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BEIJING - China's sovereign wealth fund will invest more in neighboring markets to buffer the impact of sluggish world economy, Europe's debt crisis and the US fiscal cliff, said chairman of the China Investment Corporation (CIC) on Saturday.
Infrastructure will be the priority of CIC's future investment to optimize its overseas portfolio, said Chairman Lou Jiwei, a delegate to the ongoing 18th National Congress of the Communist Party of China.
He said the move goes along with the Party's call to consolidate good relations with neighboring countries through deepened collaboration.
"From the perspective of investment, our job is to support neighboring countries to develop industries that are complementary to China's growth," he said. "We hope a stronger Chinese economy can benefit our neighbors."
Lou said CIC's overseas investment aims to pursue long-term returns. Protectionism, social instability and political interruption have been the prominent hindrance to CIC's overseas maneuver, he added.
Unlike other sovereign wealth funds, CIC's portfolio includes more direct investment, with the proportion of long-term investment reaching 50 percent.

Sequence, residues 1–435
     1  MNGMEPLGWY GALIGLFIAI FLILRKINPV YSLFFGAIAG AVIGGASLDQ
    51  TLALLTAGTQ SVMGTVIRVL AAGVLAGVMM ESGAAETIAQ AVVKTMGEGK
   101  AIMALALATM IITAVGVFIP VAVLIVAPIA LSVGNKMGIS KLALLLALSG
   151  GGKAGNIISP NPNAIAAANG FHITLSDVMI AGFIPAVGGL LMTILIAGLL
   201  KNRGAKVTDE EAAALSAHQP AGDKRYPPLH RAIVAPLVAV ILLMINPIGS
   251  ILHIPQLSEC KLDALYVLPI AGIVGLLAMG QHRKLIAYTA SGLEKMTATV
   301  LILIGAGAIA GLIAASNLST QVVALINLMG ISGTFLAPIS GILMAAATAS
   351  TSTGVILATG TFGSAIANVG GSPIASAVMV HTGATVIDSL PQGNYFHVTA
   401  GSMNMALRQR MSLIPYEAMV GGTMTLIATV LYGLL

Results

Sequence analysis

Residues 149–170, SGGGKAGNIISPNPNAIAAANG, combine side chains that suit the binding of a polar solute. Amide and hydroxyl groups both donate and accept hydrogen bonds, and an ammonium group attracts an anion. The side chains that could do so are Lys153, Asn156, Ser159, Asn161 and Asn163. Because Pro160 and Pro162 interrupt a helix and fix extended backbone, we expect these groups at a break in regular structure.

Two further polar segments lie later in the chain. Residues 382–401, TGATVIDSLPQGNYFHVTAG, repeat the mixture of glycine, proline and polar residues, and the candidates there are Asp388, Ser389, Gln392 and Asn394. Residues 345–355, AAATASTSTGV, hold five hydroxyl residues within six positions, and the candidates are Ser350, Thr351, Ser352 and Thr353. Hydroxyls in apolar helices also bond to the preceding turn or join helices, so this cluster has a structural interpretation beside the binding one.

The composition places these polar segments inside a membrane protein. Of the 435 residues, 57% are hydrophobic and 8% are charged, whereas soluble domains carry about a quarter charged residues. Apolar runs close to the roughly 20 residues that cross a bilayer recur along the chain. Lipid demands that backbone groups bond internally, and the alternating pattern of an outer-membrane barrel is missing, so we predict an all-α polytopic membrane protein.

As the capital markets of peripheral emerging economies remain under developed, CIC's direct investment has been limited to Kazakhstan, Vietnam, Indonesia, Mongolia and Russia.
The corporation lost 4.3 percent on its overseas portfolio for 2011 and posted 3.8 percent in accumulated annualized returns since 2007, according to its 2011 annual report.
Lou attributed the declining return last year to market fluctuation and the tumbling prices of staple goods.
He said that infrastructure investment, though with a mediocre return, is conducive to CIC's overseas portfolio.
Its latest investment of this kind includes purchasing a 10-percent stake in British Heathrow Airport Holdings and nearly 9 percent of stakes in the holding company behind Thames Water.
Lou expected the gradual recovery of the market, along with the improved investment structure, to bring "not bad" return this year.
The delegate, who also serves as the chairman of Central Huijin Investment Ltd., said that the company will continue to advance China's financial reform by not only investing in state-owned financial institutions but also helping them secure sound corporate governance.
Through capital input, refinancing and lowering the proportion of dividends in profits, Central Huijin has enhanced the capital strength of its equity-holding companies and contributed to the value appreciation of state-owned financial assets, Lou said.